Meng Hongwei: Interpol says president resigned amid investigation by China

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The disciplinary organ of China's ruling Communist Party said Sunday night that Meng is "currently under the monitoring and investigation" of China's new anti-corruption body, for unspecified legal violations.

Interpol says a Chinese official who was reported missing has resigned as head of the worldwide police agency.

"He did not disappear in France", a source close to the investigation told Sky News.

However she claims to have not heard from him since, adding that she does not know what happened to him.

Meng had lived with his wife and two children in France since being elected Interpol president in 2016.

"This matter belongs to the worldwide community", she told a press conference.

Her appearance at a press conference in Lyon, France, where Interpol's headquarters are based, came minutes before Beijing confirmed they had detained him as part of a criminal investigation.

Later, upon learning about the announcement from Chinese authorities, she told AFP that her husband's case will be under the watch of "international law and global public opinion", describing the situation as "political ruin".

She said she was taking the unusual step of speaking out because she felt a greater responsibility.

Meng, 64, was named to the post of Interpol president in late 2016, part of a broader Chinese effort to gain leadership positions in key worldwide organizations.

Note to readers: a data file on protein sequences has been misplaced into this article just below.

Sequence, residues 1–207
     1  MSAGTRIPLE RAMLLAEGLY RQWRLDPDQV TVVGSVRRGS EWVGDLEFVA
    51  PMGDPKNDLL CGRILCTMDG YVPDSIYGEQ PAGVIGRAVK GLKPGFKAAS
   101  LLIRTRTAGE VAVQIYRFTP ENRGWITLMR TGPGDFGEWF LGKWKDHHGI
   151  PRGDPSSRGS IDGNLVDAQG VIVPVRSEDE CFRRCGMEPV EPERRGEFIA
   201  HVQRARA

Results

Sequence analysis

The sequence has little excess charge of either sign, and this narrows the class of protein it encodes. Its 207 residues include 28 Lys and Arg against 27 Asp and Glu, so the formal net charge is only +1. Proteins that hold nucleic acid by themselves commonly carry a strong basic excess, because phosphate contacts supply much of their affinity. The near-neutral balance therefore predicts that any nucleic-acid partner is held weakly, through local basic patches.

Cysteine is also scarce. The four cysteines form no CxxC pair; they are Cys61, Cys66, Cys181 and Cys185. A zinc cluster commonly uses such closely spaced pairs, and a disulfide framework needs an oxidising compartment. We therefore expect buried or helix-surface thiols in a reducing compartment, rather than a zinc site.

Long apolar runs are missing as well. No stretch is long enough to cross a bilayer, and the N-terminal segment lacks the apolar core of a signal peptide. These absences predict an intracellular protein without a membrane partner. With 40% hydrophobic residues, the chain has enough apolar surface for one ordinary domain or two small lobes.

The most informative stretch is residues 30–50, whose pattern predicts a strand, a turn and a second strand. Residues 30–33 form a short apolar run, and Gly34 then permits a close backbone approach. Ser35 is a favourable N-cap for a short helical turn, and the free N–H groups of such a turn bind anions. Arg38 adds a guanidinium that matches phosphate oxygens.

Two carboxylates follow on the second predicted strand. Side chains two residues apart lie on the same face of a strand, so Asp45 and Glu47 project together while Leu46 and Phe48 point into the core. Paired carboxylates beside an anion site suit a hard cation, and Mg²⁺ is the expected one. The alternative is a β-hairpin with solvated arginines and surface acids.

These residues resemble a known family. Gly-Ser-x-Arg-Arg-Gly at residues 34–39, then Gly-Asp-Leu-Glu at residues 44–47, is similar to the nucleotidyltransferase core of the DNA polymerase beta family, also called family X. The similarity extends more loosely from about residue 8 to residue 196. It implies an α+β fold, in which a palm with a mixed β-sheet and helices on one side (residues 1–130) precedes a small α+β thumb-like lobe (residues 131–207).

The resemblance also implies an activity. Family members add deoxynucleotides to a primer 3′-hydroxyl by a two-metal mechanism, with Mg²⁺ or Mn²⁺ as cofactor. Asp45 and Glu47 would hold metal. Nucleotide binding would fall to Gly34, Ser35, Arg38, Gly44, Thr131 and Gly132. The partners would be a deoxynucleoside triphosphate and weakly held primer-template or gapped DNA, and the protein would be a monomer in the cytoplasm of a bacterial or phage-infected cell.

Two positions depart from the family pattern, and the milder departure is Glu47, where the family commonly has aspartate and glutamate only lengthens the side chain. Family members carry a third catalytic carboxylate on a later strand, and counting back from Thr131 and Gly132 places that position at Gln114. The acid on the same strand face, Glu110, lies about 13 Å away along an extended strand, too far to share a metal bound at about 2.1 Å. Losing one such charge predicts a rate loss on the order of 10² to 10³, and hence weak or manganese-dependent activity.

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Interpol said Saturday it has made a formal request to China for information about the agency's missing president.

Xi, China's most powerful leader since Mao Zedong, has overseen a harsh crackdown on civil society that is aimed at squelching dissent and activism among lawyers and rights advocates.

He appointed Meng vice security minister in 2004.

Interpol has downplayed the concerns, saying the president has little influence over the organisation's day-to-day operations, which are handled by secretary-general Stock, a German.

He had been on a three-country tour, to Norway, Sweden and Serbia, for Interpol before his latest trip back to China, she said.

The Associated Press reported that Meng Hongwei is a member of China's Communist Party and his various past jobs likely put him in close contact with Zhou Yongkang, a former Chinese security chief and fellow Communist Party member now serving a life sentence for corruption.

China's recently established National Supervisory Commission holds sweeping powers to investigate the country's public servants with few requirements for transparency.

China now has 44 outstanding red notices, mostly related to murder, intentional injury and drug smuggling, according to Interpol's web site.

Authorities in China and Hong Kong have accused Guo, who resides in the United States, of laundering billions of dollars among other crimes.

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